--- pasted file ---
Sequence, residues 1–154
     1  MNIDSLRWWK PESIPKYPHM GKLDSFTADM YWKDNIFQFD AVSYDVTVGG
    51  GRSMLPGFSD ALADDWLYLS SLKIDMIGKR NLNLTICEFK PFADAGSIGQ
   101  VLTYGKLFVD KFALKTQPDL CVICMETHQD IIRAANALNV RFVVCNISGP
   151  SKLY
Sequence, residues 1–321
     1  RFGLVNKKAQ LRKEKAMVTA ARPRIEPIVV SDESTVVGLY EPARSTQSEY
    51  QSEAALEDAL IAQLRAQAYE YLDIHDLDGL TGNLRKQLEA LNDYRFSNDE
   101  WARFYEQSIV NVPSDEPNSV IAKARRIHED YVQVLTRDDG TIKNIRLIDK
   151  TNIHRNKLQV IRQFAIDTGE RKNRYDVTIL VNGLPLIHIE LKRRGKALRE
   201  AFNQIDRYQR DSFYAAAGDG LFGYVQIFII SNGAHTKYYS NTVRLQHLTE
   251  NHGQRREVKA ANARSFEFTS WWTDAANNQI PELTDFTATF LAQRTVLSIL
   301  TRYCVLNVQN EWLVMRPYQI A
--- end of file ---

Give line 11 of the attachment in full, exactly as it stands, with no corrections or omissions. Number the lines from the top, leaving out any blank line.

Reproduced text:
   201  AFNQIDRYQR DSFYAAAGDG LFGYVQIFII SNGAHTKYYS NTVRLQHLTE